There is no guarantee, but Medicare seems to be far more efficient than private insurance. If it turns out wrong, we can vote to change it.

Really, the same objections can be brought on almost any question. What if the "free market" continues to drive up health care cost far faster than government-led reform would do? What if, what if what if... what guarantees do you have?

Plus we're not operating in an evidentiary vacuum. There is ample evidence from other countries that cover everyone, get as good or better health outcomes as we do, while spending a third less to half as much. If something is shown not to work, then one would think there would be political pressure to change the system. That's what democracies are supposed to do. But speculation and worst-case scenarios, especially speculation that flies in the face of available evidence, is not a sound basis for concluding that something shouldn't even be tried.

I'll take evidence over ideology. I think the evidence shows that we don't consume health care like we do other "free market" goods. (If colonoscopies are "free," am I going to stock up on them?) If the evidence shows me wrong, then I'll change my mind. But I'm not going to endorse (or reject) markets just because they're markets, just as I wouldn't endorse (or reject) government just because it's government.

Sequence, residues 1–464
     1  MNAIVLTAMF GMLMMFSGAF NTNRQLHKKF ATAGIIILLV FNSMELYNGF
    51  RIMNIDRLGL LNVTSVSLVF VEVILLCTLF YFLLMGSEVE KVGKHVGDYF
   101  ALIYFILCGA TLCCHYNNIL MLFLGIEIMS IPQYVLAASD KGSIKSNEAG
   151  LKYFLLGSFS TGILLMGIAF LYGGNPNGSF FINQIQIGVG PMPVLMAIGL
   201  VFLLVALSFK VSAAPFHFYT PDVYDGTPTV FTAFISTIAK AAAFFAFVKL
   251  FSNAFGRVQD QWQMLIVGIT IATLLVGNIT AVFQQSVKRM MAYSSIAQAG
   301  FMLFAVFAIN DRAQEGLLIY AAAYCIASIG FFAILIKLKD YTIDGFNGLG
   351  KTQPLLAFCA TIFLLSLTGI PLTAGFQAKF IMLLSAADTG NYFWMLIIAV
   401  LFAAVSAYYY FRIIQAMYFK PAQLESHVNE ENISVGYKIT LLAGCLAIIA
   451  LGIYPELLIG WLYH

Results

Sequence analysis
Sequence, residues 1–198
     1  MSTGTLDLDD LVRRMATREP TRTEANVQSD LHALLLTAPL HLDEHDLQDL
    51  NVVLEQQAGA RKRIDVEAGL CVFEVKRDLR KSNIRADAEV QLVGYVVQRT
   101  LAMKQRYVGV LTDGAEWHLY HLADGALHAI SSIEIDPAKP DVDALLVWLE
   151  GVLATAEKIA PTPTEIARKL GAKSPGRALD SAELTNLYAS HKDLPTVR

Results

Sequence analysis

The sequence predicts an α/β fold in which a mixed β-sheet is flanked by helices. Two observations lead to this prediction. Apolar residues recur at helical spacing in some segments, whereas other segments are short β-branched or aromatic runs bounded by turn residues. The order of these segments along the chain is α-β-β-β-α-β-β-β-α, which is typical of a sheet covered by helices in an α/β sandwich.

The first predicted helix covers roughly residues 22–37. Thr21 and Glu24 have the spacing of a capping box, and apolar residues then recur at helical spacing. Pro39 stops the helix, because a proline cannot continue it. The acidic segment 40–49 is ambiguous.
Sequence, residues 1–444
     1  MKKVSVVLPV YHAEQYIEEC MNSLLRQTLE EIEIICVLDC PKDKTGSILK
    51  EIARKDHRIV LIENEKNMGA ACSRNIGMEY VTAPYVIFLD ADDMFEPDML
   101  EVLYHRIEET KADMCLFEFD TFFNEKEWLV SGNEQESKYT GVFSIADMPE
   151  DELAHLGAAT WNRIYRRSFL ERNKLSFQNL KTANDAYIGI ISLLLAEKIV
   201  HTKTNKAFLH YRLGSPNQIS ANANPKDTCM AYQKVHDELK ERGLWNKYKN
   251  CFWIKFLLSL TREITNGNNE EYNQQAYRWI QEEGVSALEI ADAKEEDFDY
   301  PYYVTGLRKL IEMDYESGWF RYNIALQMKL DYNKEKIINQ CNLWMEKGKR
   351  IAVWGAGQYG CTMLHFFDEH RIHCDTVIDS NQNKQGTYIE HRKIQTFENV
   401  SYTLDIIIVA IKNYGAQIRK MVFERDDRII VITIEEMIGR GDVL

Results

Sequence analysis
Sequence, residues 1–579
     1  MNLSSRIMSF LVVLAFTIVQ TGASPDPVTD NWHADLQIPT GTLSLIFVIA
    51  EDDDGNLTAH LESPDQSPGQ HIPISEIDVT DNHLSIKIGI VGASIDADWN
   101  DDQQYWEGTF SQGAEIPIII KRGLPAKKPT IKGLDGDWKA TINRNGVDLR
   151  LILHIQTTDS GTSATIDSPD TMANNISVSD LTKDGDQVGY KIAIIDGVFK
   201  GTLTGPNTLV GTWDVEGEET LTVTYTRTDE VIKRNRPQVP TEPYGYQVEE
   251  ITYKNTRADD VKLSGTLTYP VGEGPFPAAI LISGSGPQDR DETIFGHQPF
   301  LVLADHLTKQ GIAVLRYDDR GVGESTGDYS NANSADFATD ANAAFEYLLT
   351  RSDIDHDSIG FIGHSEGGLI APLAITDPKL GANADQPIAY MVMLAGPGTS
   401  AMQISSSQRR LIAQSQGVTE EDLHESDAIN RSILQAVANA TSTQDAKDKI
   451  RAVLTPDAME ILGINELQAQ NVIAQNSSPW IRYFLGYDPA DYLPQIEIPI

Posted by: dasimon | January 11, 2011 4:13 PM | Report abuse

--*[L]iberals didn't pervert the American dream. Two generations ago, the millions had their labor unions to protect their jobs, their dignity and their right to healthcare.*--

Two generations ago is when the perversion really got under way.

And it wasn't the "labor unions" that protected jobs, it was the special dispensations coded into federal law that granted privileges above and beyond those to which non-union, ordinary people enjoy. It was a perversion of justice in service to a new constituency, a perversion that continues to pay dividends for statists and crooks and panderers.

And there is no wholesale right to a job, or dignity, or health care. The American compact guarantees the right to seek such things, but does not, because it cannot, guarantee that anyone is entitled to them. Believing in such things is like believing in Santa Claus, or the tooth fairy, and wanting Congress to create them with legislation. You do not have a right to something out of someone else's pocket. You can't force people to give you a job. You can't force people to respect you. You don't get to abuse yourself and then demand that others fix you up. To claim that you have such rights, and then to hire the force of government to deliver them to you is ugly and violent. Get it?